How do you know that Autumn has arrived? Or maybe you don’t notice or even care. Do tell.

 


July wildflower walk

Simple pleasures for July

Eating vegetables from the garden every day.

beetroot

We’re in that blissful period when there’s enough vegetables for meals but before the summer gluts of courgettes, tomatoes and runner beans.

digging new potatoes

The asparagus and broad beans have finished but we’re eating sweet carrots and thinnings of beetroot and we scrabble in the dirt to lift the new potatoes, so far unsullied by slugs or scabs.

cherries from garden

Picking fruit

It’s a bumper year for cherries. Last year we had a crop of just three cherries that we watched slowly change colour. And then they disappeared. Just as they were almost ready. This year we netted the tree more carefully and have been picking cherries by the bowlful along with blackcurrants, gooseberries and loganberries while out in the fruit field we’ve started to pick raspberries for Raspberry Gin.

baking tins

BAKING BREAD

In July we light up the outdoor oven, though it always takes me a couple of sessions to get back into the different way of cooking. The pizzas were successful, cooking in three or four minutes with a crispy base and bubbling hot topping but the loaf of bread I put into the oven afterwards was less successful because I didn’t let the oven cool down enough. The base was blackened and inedible so I sliced off the bottom, scooped out the middle to make breadcrumbs and put the top into a slow oven (indoors) to dry  out so that I can use it as a bowl. In theory. Maybe.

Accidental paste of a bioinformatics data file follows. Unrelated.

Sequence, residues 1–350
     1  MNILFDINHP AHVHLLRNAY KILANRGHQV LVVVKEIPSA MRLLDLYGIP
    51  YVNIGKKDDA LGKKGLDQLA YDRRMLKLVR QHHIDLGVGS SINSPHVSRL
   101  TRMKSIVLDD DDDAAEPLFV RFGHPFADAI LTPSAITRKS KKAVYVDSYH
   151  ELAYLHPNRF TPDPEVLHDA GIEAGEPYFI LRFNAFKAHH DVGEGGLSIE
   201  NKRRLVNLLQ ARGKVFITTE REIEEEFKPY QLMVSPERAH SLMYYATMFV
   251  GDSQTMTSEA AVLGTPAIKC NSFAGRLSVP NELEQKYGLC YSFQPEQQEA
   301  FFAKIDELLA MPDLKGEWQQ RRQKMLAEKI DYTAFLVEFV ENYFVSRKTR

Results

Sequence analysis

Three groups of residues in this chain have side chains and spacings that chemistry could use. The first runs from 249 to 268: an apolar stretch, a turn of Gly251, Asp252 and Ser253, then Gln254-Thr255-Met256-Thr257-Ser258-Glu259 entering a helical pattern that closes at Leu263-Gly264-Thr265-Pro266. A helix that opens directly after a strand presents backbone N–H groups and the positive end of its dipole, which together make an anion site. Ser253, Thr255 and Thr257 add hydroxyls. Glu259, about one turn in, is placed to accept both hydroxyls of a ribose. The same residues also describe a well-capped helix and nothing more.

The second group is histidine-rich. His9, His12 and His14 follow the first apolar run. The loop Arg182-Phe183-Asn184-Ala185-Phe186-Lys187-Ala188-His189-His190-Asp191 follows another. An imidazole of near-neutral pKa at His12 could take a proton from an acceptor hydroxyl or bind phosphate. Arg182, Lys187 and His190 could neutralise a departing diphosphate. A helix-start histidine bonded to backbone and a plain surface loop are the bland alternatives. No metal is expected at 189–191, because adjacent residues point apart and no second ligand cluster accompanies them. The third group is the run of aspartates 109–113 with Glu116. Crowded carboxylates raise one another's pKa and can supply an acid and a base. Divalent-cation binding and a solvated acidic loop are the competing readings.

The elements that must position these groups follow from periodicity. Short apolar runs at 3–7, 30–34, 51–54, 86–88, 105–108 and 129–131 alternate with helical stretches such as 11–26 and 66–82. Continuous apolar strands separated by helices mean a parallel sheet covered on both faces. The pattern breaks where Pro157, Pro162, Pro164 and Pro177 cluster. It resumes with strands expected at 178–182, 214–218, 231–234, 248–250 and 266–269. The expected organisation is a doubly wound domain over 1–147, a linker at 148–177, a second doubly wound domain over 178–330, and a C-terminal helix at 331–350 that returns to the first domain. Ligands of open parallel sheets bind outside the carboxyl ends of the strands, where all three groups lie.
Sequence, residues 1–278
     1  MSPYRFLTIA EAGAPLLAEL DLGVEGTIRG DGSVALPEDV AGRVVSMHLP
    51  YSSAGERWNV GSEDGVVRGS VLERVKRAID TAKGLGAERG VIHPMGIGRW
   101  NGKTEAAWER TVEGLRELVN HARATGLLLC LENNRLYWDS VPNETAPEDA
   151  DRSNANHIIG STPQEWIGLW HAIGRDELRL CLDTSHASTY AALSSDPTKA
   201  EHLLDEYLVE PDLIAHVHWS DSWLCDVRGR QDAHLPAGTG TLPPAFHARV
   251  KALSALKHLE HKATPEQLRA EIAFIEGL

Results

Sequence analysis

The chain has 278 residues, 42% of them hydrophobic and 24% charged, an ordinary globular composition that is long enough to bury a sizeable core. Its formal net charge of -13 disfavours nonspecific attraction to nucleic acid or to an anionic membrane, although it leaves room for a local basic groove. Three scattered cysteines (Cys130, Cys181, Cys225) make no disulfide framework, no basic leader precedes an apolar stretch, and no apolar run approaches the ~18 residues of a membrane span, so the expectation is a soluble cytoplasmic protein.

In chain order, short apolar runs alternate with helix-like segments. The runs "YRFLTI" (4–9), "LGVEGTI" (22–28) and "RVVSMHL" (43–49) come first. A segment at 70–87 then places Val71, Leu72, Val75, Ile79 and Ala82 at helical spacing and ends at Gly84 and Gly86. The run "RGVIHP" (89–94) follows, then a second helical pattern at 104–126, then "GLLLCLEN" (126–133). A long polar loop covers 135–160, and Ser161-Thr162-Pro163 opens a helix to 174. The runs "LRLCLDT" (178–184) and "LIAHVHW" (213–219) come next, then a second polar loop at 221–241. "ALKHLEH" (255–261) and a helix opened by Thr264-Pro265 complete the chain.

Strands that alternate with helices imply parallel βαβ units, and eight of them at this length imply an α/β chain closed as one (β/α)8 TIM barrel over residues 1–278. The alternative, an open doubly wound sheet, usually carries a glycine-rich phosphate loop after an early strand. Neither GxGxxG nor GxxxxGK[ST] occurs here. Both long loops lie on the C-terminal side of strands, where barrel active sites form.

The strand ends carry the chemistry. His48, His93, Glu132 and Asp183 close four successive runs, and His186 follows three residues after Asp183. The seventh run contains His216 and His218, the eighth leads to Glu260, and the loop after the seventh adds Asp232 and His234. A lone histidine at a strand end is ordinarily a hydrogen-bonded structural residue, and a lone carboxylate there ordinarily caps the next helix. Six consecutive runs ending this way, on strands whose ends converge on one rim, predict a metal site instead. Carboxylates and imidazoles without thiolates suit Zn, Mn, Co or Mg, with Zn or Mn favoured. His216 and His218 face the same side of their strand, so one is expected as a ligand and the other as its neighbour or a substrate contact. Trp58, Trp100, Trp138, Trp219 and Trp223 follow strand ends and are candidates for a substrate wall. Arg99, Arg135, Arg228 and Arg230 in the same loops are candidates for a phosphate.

There have also been experiments with Devonshire Splits, which I’ve started to make instead of scones because they taste so good, especially when eaten with cream and freshly picked strawberries.

cow parsley gone to seed

ENJOYING THE COUNTRYSIDE

A lack of rainfall this year, coupled with a few hot days last week has tipped the countryside from green to yellow. The wheat crops are already turning colour, the oilseed rape is dying off and the cow parsley in the verges has run to seed.

being creative

I’ve been trying some different screen printing techniques and doing more jelly printing. And I’ve been dyeing wool and fabric. With beetroot and rose petals. Hmm. I think I’ll stick to printing.

simple pleasures for july

What are your simple pleasures for July?


rhubarb

rhubarb, rhubarb, rhubarb

Do extras in films really mutter rhubarb, rhubarb, rhubarb when they’re pretending to have a conversation? Whether they do or not, meals here are a bit rhubarb, rhubarb, rhubarb.

I like to have a clump of rhubarb in the garden that, with little effort on my part, reliably pops up every year. First the tiniest spear emerges, followed by a bright green crinkly leaf that gradually unfolds as the rhubarb rises from the ground.